Below are photographs of my new wonderful Onoto.
Please tap on the images to enlarge.
If you are simply not interested in using something, why gain monetary value from something you cannot use? I bought a Hugo Boss scarf made of beautiful mixtures of various wools. It was about 8 feet long, Dr. Who Tom Baker style and not often worn. Yes, it was beautifully warm. I paid a whopping £10 for it from a charity shop. I knew they were expensive as I saw similar in the past on the internet. Around £150. I had it on to go into work one freezing cold morning and a fellow nurse was ecstatic about it. She absolutely fell in love with it. So I handed it over and said ‘It’s yours. I hardly wear it in reality. Too big and cumbersome’. She, on becoming the new owner, wore it often. We bought a new, second hand car. Our old one cost a few thousand pounds, no longer required, so we gave it away to someone who needed a car. Our local Machynlleth community have a swap site. Many people say on offering items ‘Have it! Take it away!’ That is a wonderful ethical value to possess.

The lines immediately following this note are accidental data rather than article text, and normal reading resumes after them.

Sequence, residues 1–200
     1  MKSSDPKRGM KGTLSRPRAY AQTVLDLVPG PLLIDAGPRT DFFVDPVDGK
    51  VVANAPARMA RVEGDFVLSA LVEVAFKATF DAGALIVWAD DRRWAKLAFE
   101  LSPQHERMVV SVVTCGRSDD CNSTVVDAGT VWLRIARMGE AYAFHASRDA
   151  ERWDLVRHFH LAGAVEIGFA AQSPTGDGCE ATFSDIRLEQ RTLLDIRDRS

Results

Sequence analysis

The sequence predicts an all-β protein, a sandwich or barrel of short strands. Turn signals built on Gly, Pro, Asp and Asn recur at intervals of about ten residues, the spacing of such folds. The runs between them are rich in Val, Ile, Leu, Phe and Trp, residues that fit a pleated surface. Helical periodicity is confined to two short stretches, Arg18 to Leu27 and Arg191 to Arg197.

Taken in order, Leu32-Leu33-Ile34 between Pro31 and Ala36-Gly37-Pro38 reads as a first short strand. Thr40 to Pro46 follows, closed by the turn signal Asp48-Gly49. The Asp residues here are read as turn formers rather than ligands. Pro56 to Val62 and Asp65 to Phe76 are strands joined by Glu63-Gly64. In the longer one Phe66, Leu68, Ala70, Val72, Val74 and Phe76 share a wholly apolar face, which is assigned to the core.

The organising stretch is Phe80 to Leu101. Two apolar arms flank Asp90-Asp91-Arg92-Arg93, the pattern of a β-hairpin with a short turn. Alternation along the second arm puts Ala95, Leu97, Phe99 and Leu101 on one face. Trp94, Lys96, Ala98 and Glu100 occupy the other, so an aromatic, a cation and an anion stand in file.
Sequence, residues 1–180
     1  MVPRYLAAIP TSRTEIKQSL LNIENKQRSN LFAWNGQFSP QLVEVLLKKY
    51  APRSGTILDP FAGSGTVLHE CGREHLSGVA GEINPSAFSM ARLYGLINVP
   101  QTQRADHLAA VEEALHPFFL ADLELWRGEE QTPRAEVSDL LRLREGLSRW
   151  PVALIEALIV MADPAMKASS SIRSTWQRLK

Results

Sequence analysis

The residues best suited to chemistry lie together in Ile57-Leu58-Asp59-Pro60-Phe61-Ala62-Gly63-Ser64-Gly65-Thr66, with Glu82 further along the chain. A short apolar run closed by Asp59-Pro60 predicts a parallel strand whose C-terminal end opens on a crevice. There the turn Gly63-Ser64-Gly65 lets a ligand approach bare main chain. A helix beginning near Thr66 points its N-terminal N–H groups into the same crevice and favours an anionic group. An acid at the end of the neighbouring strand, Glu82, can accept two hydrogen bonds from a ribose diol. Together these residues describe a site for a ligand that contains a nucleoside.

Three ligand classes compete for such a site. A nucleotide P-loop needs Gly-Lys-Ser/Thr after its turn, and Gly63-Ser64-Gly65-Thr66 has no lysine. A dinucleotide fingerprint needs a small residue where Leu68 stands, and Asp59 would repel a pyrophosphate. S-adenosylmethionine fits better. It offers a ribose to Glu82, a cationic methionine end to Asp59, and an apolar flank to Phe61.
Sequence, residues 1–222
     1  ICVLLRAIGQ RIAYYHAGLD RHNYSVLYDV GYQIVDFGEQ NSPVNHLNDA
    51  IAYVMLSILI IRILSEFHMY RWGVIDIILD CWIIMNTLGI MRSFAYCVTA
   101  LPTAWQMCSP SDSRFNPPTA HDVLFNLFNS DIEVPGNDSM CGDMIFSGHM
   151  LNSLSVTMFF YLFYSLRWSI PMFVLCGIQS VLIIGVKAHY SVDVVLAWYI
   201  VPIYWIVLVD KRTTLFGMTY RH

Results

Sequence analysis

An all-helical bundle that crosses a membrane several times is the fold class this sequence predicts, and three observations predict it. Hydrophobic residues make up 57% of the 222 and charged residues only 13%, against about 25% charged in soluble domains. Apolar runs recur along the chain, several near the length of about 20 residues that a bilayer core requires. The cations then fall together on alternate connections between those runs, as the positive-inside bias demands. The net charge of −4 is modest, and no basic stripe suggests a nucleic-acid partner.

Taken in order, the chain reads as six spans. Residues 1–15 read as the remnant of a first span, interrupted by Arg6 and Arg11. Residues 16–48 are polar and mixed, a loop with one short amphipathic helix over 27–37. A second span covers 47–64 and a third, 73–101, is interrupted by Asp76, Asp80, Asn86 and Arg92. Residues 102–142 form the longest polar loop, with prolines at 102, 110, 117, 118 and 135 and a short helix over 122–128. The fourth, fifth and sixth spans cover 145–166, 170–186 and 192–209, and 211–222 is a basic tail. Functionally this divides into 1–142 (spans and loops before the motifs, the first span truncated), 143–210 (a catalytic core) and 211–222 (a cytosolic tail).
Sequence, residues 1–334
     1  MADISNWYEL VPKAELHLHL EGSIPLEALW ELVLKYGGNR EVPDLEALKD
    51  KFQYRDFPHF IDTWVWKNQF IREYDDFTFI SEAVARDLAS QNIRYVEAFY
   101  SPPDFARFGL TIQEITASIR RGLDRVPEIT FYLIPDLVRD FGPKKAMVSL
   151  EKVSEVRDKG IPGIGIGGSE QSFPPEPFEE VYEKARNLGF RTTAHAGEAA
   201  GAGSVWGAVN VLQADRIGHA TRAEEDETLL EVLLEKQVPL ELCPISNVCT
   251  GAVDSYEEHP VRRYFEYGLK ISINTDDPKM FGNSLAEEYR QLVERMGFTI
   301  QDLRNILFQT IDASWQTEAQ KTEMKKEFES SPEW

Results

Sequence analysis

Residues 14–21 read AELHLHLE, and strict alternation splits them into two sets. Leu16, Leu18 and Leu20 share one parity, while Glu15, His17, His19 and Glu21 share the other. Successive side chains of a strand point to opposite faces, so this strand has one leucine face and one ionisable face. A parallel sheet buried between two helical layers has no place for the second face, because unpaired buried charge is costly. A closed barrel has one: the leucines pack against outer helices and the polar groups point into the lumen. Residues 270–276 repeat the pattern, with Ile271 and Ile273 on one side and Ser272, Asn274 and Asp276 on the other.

Now, owning this Onoto pen has made me realise straight away, on first use, why people enthuse about them. It is beautiful in it’s plain presentation, it’s performance and it is actually, I’ve got a new phrase, ‘Onoto enough’. Applies to other ‘enoughs’ too. I will probably never own another one. Over the next few weeks? I believe it will settle in to become an all time favourite. I believe it will show it’s inherent confidence in itself. It’s been around a long time and still performing with ability to simply get on with the art of delivery. And that is a very great characteristic to possess.
Below is the site address for current new Onoto pens. Says ‘Home’. Too flamboyant for my simple tastes, but very much worth a look.